Revascularization improves survival in ischemic cardiomyopathy regardless of electrocardiographic criteria for prior small-to-medium myocardial infarcts.
BACKGROUND: The purpose of the current study was to determine whether survival after revascularization (coronary artery bypass grafting or percutaneous transluminal coronary angioplasty) is influenced by the extent of electrocardiographic (ECG) evidence of previous myocardial infarction (MI) in patients with ischemic cardiomyopathy by use of the 50-criteria, 31-point Selvester QRS scoring system. METHODS: Patients with ischemic cardiomyopathy documented by a left ventricular ejection fraction (LVEF) < or =30% undergoing coronary angiography between January 1984 and July 1996, with no acute MI within the last 30 days, follow-up through 1996, and > or =75% occlusion in at least 1 major coronary artery at catheterization were included. These patients were subdivided on the basis of subsequent treatment: revascularization or no revascularization. The complete Selvester QRS system was applied to each patient's ECG and the subgroups were further subdivided by QRS score. RESULTS: The 141 patients receiving revascularization had better survival at 5 years compared with the 298 patients receiving no revascularization (adjusted 5-year survival rate 73% vs 47%, P =.0001). No significant treatment differences were observed for low (< or =3 points) versus high (>3 points) QRS levels in either of the 2 treatment groups (revascularized patients: P =.215, patients without revascularization: P =.126) between the 2 treatment groups. Although all patients had LVEF < or =30%, only 8% of patients had QRS scores >10 points, the level that would be expected if the decrease in LVEF could be attributed entirely to infarcted myocardium. CONCLUSIONS: Hibernating myocardium may contribute significantly to the decreased function in patients with ischemic cardiomyopathy, and the QRS score cannot be used as an independent predictor of survival in those patients with a marked decrease in LVEF but small to moderate infarct sizes.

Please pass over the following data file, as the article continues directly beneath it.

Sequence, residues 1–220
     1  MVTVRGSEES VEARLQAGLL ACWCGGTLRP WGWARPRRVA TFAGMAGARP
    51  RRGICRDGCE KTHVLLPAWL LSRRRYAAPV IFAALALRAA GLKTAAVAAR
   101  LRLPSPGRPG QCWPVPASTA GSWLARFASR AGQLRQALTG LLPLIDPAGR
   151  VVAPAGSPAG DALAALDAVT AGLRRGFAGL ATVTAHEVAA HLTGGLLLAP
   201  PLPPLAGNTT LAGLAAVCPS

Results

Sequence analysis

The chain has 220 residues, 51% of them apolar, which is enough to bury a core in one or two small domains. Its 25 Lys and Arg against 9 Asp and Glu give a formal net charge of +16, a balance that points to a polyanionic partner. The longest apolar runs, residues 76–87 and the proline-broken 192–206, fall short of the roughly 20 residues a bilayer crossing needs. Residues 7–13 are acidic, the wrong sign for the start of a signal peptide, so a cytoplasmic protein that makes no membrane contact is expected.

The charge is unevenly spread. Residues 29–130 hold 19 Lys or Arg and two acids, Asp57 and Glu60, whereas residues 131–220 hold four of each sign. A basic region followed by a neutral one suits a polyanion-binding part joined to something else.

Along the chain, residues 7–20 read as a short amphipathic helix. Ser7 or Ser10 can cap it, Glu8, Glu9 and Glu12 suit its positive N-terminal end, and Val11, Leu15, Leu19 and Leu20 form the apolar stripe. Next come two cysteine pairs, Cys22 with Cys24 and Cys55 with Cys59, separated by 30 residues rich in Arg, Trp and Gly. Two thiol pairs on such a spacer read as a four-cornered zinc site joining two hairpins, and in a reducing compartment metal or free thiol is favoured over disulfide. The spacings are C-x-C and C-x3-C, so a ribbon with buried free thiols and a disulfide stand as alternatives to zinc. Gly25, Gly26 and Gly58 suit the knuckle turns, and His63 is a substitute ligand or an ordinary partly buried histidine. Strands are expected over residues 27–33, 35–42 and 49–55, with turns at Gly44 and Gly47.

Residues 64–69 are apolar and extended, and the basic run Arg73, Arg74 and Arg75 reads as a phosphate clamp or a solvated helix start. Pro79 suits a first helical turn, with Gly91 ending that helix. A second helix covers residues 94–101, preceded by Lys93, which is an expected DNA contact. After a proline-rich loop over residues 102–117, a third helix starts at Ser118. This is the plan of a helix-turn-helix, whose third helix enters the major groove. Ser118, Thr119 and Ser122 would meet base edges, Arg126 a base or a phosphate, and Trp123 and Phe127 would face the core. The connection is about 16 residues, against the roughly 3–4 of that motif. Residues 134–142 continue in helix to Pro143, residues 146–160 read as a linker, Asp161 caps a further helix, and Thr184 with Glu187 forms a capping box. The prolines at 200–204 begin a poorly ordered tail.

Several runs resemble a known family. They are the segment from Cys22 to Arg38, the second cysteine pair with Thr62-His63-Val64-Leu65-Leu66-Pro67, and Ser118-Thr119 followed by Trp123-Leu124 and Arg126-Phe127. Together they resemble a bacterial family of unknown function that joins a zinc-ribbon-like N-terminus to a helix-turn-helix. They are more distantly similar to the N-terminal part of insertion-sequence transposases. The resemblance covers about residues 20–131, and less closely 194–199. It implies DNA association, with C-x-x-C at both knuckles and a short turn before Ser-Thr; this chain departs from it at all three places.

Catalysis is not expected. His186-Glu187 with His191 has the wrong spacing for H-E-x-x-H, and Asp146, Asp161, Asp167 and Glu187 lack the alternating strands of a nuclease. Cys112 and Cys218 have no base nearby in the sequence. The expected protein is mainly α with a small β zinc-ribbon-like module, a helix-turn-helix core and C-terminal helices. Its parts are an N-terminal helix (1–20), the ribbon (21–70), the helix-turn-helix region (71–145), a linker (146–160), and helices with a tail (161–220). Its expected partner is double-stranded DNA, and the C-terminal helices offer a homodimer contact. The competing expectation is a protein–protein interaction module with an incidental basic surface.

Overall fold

Shah, BR; Velazquez, E; Shaw, LK; Bart, B; O'Connor, C; Wagner, GS
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